When you drink to excess, do you often do or say things that you later regret after sobering up? Do you often have gaps in your memory?

Or - do the things you say/do when drunk only revolve around issues in your relationship?

In your OP you mentioned bottling things up and I wonder if you have got into the habit of not expressing your needs/feelings in the relationship and then when drunk you lose control and it all comes out.

Does the idea of expressing your needs or feelings while sober fill you with fear?

hellsbellsmelons Wed 05-Oct-16 11:32:39

Would counselling help you understand your insecurities?
Honestly, if I was him, I'd be re-thinking things.

I don't think you should ignore it.
Tackle it head on.
If you need to not drink so much maybe ask him to keep an eye it for you and let you know when you are getting too much?
It should be down to you obviously, but it might help if he knew he could step in if necessary.

Ranting until 2am. If my OH did this to me I'd have walked out and gone and stayed elsewhere!
Not cool!

garlicandsapphire Wed 05-Oct-16 11:34:47

So sorry OP. Its very hard when you wish you could turn back the clock but know you cant unsay what you've said. The self loathing is horrible. The issue really is learning to be able to say what you feel before it builds up into a huge volcano - that requires some confidence, bravery and trust. Often people are brought up not to express difficult issues directly but to bottle them up and this can cause these eruptions particularly when drink is involved.

So maybe the way to address it is to to say to your DP that you are really sorry for your rant and that you'd like to deal with the root cause - building your confidence to communicate things in a safe way before they build up and learning how to let other things go? And tell him you love him and it matters for the health of the relationship that you can both freely express your feelings and address them before become bigger issues. Because you really don't want to repeat this pattern and want him to be able to trust you not to.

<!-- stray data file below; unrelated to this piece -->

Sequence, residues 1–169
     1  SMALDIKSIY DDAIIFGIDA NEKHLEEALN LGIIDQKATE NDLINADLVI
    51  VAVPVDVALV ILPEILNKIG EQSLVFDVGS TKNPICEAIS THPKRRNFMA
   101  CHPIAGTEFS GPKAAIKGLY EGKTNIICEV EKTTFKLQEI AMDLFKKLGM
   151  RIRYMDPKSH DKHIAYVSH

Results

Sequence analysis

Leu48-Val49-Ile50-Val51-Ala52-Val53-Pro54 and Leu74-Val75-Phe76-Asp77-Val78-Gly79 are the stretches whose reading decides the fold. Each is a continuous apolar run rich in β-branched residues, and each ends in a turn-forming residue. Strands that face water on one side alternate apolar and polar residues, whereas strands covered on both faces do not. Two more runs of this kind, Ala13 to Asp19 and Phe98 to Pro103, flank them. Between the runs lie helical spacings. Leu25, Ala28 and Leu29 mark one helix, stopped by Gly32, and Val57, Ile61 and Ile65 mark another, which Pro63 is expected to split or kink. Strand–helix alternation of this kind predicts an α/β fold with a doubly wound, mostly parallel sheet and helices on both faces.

Good luck. First forgive yourself then think about how you can say what you feel safely. If your response is to shut up about your feelings because of shame you will just repeat the cycle.

Happybunny19 Wed 05-Oct-16 11:35:08

Sorry we crossed messages. Forget about the jealousy, they've introduced you to one another and she's moved on. Appreciate this means he can maintain a healthy relationship with his ex, that's impressive and doesn't mean he wants to rekindle anything with her. He wouldn't let you meet if there were any romantic feelings on either side. I completely understand why you're feeling that way, but if you make him feel guilty for staying friends with her he will resent you.

Oh and I don't think you can simply brush it under the carpet, you need to speak to him and properly apologize and ensure he realises you're aware it's your problem not his behavior at fault. Good luck, hope it works out of for you.

ImperialBlether Wed 05-Oct-16 11:36:48

I can understand him wanting to keep his distance. If a woman came on MN to tell us her partner had behaved like this, we'd all advise her to dump him.

Has drinking always been a problem for you? You say you need to drink less, but I think you should stop altogether. It's not good for you and it's poisoning your relationship.

Emmageddon Wed 05-Oct-16 11:40:55

Is it just the alcohol that triggered your rant? Or would you have got upset if you'd been drinking cups of tea? I agree with the other posters, it's the drinking you should be addressing, have a look at Drinkaware.co.uk and see what support there is in your area.

Ask your partner to help you - he's probably worried about you, too.

Carry on apologising and reassure him it isn't going to happen again.

My ex was an argumentative drinker, it's what ended our relationship. He didn't get violent but the drunken shouting and insults were horrible, and the remorse when he was sober was pitiful.

SantasLittleMonkeyButler Wed 05-Oct-16 11:48:47

By ex-girlfriend, do you mean the mother of DP's child?

Do you think by acting this way in front of her, you may have raised a question for her about your suitability to spend time with her DD?

If you see your DP's ex rarely, and act like this when you do, I'd probably think she wouldn't be keen for you to be in her DD's life in future.